Reasoning, Inconsistency and Modelling" by Marcelo Finger
"Towards reasoning
about concurrency: a logical approach" by Bruno Lopes
"An Intersection Type System for Nominal Terms" by Ana Cristina Rocha-Oliveira
"Analisando Terminação:
Size Change Principle versus Dependency Pairs" by Ariane A. Almeida
"Formalização da Terminação de Especificções Funcionais" by Thiago M.F. Ramos
"A Formalisation of Nominal Equivalence with AC f-Symbols" by Washington R. de Carvalho Segundo
A Gentle Introduction to Process Calculi foils
Jorge A. Perez
(Johann Bernoulli Institute for Mathematics and Computer Science
University of Groningen, The Netherlands)
10:15-12:00, Monday, July 20th, 2015, Sala Multi usos do CIC
(Foils about the U. of Groningen)
Abstract: Nowadays, communication and concurrency are ubiquitous concepts in computing. Concurrent
systems involve multiple interacting agents (processes); often infinite, these interactions are hard to describe
and analyze. These features are in sharp contrast with those of sequential programs which are typically
characterized by finite, deterministic computations. Process calculi are formal specification languages for
concurrent systems. They define core programming languages in which concurrent, communicating systems
can be rigorously specified and reasoned about, following a compositional approach. This talk offers a brief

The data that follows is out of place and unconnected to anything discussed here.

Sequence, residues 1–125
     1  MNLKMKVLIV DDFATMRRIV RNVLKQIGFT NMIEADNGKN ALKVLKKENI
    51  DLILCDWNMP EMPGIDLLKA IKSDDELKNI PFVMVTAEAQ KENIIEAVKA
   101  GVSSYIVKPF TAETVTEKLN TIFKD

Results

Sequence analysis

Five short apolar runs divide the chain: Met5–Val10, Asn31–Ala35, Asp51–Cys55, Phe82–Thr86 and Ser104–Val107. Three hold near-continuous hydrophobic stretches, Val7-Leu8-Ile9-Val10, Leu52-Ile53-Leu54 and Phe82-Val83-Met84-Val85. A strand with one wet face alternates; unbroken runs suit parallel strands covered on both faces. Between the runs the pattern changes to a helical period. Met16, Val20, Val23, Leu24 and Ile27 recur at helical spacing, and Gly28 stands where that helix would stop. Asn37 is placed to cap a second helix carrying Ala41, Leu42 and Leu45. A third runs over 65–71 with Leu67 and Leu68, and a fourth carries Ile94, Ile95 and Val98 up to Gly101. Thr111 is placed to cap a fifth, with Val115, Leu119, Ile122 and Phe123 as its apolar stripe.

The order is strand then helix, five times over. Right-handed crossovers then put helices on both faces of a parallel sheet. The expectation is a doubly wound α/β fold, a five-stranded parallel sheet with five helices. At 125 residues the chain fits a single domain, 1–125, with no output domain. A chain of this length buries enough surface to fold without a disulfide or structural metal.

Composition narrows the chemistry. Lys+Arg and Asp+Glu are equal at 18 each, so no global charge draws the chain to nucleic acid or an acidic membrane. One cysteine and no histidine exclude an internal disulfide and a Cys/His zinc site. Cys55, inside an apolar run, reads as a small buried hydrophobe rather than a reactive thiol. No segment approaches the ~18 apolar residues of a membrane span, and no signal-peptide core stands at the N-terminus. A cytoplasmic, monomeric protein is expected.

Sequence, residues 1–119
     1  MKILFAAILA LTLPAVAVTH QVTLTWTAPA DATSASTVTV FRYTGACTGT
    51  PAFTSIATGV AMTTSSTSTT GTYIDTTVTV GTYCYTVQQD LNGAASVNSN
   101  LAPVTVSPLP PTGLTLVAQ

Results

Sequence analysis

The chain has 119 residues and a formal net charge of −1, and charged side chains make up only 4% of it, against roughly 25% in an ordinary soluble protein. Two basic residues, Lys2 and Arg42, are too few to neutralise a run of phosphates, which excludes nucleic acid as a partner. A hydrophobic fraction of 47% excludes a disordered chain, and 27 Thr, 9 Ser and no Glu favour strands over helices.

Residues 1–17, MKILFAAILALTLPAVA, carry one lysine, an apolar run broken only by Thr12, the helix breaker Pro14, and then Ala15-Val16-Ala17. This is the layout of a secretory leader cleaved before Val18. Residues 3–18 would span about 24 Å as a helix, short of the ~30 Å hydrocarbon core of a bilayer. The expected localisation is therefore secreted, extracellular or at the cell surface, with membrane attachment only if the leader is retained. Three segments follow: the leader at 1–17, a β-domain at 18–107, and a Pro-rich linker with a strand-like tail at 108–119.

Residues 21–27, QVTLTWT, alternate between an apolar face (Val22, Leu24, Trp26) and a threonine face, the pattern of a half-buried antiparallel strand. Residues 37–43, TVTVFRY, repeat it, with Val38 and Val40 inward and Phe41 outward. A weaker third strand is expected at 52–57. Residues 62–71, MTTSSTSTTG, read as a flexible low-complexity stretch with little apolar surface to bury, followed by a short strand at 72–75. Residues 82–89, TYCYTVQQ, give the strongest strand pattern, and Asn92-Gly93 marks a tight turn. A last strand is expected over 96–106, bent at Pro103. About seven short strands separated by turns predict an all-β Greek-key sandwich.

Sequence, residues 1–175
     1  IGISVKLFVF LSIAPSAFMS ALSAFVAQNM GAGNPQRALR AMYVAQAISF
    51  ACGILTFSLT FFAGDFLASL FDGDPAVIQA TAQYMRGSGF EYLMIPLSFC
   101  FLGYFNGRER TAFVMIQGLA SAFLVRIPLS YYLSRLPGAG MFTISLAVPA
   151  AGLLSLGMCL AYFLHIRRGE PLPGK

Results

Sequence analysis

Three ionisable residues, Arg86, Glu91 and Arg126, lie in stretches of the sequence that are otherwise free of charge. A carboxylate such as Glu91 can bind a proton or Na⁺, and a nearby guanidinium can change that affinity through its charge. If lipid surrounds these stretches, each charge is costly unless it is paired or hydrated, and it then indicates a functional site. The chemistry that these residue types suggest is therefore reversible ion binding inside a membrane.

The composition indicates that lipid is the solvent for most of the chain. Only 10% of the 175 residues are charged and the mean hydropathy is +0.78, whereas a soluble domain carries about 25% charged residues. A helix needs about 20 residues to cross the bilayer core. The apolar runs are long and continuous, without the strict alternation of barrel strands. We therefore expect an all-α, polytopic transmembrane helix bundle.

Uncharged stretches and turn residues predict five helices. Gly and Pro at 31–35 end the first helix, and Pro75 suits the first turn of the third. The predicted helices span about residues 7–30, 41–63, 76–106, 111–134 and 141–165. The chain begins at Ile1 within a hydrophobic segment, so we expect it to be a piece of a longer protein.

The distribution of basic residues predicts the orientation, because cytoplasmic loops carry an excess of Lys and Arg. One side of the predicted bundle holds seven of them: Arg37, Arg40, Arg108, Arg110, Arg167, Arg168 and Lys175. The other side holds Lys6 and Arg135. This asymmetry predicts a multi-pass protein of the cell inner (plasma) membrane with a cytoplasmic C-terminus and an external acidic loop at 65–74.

introduction to the specification and analysis of concurrent systems using process calculi. I will present the
main concepts of Milner's CCS (Calculus of Communicating Systems), one of the most representative
process calculi. The syntax, semantics, and reasoning techniques for CCS will be presented. Also, basic
notions of the pi-calculus (the extension of CCS for mobile
communication) will be briefly introduced
Curry-Howard Correspondence for Concurrency foils
Jorge A. Perez
(Johann Bernoulli Institute for Mathematics and Computer Science
University of Groningen, The Netherlands)
09:00-12:30, Tuesday, July 21st, 2015, Sala Multi usos do CIC
Abstract: A central concept in the theory of programming languages is the so-called Curry-Howard
correspondence: it tightly relates, on the one hand, logical propositions and types; on the other hand, it
connects proofs and functional programs. This correspondence has proved essential to endow reasoning
techniques over sequential programs with principles which have both operational and logical meanings. In
2010, Caires and Pfenning put forward an interpretation of linear logic propositions as session types for
communicating processes. Remarkably, this result defines a propositions-as-types/proofs-as-programs
correspondence, in the style of the Curry-Howard correspondence, but in the context of concurrent processes
defined in the pi-calculus. In this talk, I will give an overview to session types for concurrency and to Caires
and Pfenning's interpretation. If time permits, I will also present some associated developments for this
interpretation: logical relations, typed behavioral equivalences, and type isomorphisms.
Expressiveness in Concurrency foils
Jorge A. Perez
(Johann Bernoulli Institute for Mathematics and Computer Science
University of Groningen, The Netherlands)
10:30-12:00, Monday, July 27st, 2015, Sala Multi usos do CIC